Another point of similarity is the cross-cultural thing. My Master thesis was written on the intersections of language, culture and identity in bi-cultural Turkish-Australian children, and so I am drawn to this area of learning and reading and writing as well.

What a long-winded way of explaining my interest in Qaisra and her writing.

*

As it was a PEN event, an empty chair was placed and named for journalist Peter Greste who is being held in Egypt. The facilitator told us about Qaisra’s books, and a bit about her life and teaching. She said that her first novel The Holy Woman (2001) is a bestseller in Indonesia and Turkey; that her latest novel Revolt (2013) is set in contemporary London and also features a fictional Pakistani village (with a ‘wonderful cast of characters living in the village.’)

Once Qaisra began speaking, it was clear this is a woman who is smart and engaging and very very warm. She is a teacher and this shows; she wants to share her work in the way that a teacher does, explain things so we can understand. She was full of praise for Australia in general, and Melbourne in particular, saying ‘Do you take it for granted?’ and most of us immediately shook our heads. I think any aware person knows how lucky we are to live in this country.

Qaisra has been writing since she was fourteen, but became a ‘proper’ writer at nineteen, when she had an article published in a magazine. At twenty-seven, she had a story (her first) picked up by a German publisher, to be used in a school text alongside some familiar names: Virginia Woolf, Doris Lessing. ‘Not because it was fantastic,’ said Qaisra, ‘but because of the cross-cultural content.’ She was, she says, very lucky.

We heard about the novels in turn, and there was a reading from each. Qaisra contextualised each book – Typhoon for example is a sequel and a prequel, to The Holy Woman in that there are common characters across both books. (When I asked Qaisra which of the three books I should buy, I said ‘which one do you like best?’ She was unable to answer, but later, when talking, said she is proudest of the crafting of Typhoon, proudest of the writing.) The Holy Woman covers five years and five countries; Revolt covers two days in one village.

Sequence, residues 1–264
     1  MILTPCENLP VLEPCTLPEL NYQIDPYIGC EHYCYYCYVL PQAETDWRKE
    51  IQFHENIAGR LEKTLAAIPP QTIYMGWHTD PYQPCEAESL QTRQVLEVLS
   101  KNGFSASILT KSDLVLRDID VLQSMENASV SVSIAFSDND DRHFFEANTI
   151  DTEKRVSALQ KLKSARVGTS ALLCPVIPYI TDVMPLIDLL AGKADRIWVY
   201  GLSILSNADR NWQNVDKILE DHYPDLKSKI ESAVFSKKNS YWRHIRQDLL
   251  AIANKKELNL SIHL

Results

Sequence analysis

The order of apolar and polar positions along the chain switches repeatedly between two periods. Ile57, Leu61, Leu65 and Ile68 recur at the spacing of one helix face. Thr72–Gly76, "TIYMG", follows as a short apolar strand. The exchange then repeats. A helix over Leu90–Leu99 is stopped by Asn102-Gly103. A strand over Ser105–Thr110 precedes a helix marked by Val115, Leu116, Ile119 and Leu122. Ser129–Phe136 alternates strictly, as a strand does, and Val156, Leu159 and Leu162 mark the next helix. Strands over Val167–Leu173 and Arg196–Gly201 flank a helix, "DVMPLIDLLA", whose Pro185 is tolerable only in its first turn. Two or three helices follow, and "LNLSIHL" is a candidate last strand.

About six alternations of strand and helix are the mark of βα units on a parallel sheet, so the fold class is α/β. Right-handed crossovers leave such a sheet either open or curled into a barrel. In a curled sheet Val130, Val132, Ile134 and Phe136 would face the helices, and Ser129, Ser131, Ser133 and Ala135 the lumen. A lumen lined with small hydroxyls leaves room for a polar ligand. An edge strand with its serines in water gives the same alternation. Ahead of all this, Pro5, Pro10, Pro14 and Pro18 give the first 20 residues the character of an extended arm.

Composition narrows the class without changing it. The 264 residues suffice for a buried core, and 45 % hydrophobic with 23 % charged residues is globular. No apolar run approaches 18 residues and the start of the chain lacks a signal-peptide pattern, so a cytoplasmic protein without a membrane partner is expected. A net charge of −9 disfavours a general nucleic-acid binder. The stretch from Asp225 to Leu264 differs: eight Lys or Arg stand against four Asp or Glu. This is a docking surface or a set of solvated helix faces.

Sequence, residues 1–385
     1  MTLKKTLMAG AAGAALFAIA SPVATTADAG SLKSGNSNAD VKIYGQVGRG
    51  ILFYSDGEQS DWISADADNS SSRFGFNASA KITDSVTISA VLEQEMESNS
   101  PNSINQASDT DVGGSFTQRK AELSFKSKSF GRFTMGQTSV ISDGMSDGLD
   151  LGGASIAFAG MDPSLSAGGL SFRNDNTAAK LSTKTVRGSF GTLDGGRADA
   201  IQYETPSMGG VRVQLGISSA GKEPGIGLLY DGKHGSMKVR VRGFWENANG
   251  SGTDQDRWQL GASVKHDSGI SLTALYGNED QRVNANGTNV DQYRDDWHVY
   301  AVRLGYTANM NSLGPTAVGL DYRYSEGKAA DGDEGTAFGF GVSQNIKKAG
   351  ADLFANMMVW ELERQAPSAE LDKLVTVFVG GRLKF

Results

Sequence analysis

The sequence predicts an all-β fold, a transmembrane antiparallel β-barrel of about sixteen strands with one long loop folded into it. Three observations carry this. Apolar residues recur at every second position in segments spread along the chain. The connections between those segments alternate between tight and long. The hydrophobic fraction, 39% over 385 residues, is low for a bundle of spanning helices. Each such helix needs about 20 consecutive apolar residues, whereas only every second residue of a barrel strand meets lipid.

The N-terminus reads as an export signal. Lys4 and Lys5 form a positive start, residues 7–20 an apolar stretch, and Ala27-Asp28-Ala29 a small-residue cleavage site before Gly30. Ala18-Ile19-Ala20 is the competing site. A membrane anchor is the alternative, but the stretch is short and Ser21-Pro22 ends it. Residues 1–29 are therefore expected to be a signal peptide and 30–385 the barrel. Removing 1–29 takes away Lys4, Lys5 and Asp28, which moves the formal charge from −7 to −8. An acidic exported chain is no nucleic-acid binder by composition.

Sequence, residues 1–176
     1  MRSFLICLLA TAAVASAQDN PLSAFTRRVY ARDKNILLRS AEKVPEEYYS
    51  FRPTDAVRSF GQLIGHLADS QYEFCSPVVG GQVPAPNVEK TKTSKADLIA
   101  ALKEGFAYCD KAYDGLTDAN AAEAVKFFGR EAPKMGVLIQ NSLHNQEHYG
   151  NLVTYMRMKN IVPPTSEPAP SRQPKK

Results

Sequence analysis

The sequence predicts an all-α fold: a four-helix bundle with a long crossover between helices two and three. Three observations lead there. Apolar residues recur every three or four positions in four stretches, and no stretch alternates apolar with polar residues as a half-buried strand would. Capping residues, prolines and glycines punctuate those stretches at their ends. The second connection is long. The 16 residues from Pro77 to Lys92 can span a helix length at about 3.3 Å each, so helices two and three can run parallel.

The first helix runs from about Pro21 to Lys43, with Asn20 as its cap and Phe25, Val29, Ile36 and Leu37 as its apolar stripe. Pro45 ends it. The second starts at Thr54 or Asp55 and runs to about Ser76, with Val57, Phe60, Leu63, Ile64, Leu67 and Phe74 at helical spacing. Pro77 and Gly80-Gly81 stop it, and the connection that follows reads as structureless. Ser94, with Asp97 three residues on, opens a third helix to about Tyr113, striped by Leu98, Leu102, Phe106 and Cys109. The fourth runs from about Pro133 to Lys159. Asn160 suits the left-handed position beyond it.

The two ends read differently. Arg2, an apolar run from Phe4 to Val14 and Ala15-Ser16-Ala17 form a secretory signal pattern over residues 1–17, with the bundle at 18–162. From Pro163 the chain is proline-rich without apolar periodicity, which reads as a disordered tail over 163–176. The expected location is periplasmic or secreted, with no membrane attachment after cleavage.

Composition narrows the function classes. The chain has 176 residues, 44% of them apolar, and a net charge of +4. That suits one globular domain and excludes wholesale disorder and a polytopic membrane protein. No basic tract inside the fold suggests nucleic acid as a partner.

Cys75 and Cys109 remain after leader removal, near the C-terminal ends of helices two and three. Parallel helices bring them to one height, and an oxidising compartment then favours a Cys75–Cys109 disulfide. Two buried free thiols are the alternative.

Revolt took nine years to write. ‘It was a nightmare’ but she is very happy with the product. Qaisra advises aspiring writers to never start a long book, it’s ‘so time consuming’ and that it was her most ambitious project as it covers the life of the whole village, three sisters, and six other households.

I didn’t take too many more notes. I was happy to just listen and enjoy. But there were some questions from the audience, and my question was: Which writers do you love?

Qaisra said she loved and read mainly 19TH C authors, like Jane Austen (she’s been described as ‘the Pakistani Jane Austen’); she loves Middlemarch, George Eliot, Thomas Hardy. Also the Russians, Tolstoy. In terms of contemporary writers, she mentioned Vikram Seth’s A Suitable Boy.

It was a lovely evening, and I always really enjoying meeting writers, especially ones who have been so kind on social media.

Finally, the last thing Qaisra doesn’t know. I’m spending a week in England early next year so I’m hoping she might be able to tell me about any writing workshops that might be on. Or at least point me in the direction of a good coffee shop.